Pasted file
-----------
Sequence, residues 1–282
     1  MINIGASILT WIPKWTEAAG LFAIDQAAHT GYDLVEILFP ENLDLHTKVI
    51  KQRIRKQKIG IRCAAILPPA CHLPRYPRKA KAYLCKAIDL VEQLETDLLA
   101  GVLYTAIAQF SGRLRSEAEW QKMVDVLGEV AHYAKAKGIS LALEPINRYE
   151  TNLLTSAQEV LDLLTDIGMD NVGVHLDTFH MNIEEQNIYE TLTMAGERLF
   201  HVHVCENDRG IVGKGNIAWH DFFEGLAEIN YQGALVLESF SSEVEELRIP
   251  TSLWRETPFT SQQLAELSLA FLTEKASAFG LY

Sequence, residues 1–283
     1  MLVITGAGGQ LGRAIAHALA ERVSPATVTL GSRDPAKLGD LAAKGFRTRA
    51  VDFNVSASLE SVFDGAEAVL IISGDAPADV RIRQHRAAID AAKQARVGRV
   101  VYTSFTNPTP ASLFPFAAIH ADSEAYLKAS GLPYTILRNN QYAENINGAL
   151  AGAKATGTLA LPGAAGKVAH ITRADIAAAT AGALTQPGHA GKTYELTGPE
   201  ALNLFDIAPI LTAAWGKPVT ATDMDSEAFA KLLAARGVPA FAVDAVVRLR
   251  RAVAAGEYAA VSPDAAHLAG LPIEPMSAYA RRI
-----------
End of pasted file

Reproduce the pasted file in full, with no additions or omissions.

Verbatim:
Sequence, residues 1–282
     1  MINIGASILT WIPKWTEAAG LFAIDQAAHT GYDLVEILFP ENLDLHTKVI
    51  KQRIRKQKIG IRCAAILPPA CHLPRYPRKA KAYLCKAIDL VEQLETDLLA
   101  GVLYTAIAQF SGRLRSEAEW QKMVDVLGEV AHYAKAKGIS LALEPINRYE
   151  TNLLTSAQEV LDLLTDIGMD NVGVHLDTFH MNIEEQNIYE TLTMAGERLF
   201  HVHVCENDRG IVGKGNIAWH DFFEGLAEIN YQGALVLESF SSEVEELRIP
   251  TSLWRETPFT SQQLAELSLA FLTEKASAFG LY

Sequence, residues 1–283
     1  MLVITGAGGQ LGRAIAHALA ERVSPATVTL GSRDPAKLGD LAAKGFRTRA
    51  VDFNVSASLE SVFDGAEAVL IISGDAPADV RIRQHRAAID AAKQARVGRV
   101  VYTSFTNPTP ASLFPFAAIH ADSEAYLKAS GLPYTILRNN QYAENINGAL
   151  AGAKATGTLA LPGAAGKVAH ITRADIAAAT AGALTQPGHA GKTYELTGPE
   201  ALNLFDIAPI LTAAWGKPVT ATDMDSEAFA KLLAARGVPA FAVDAVVRLR
   251  RAVAAGEYAA VSPDAAHLAG LPIEPMSAYA RRI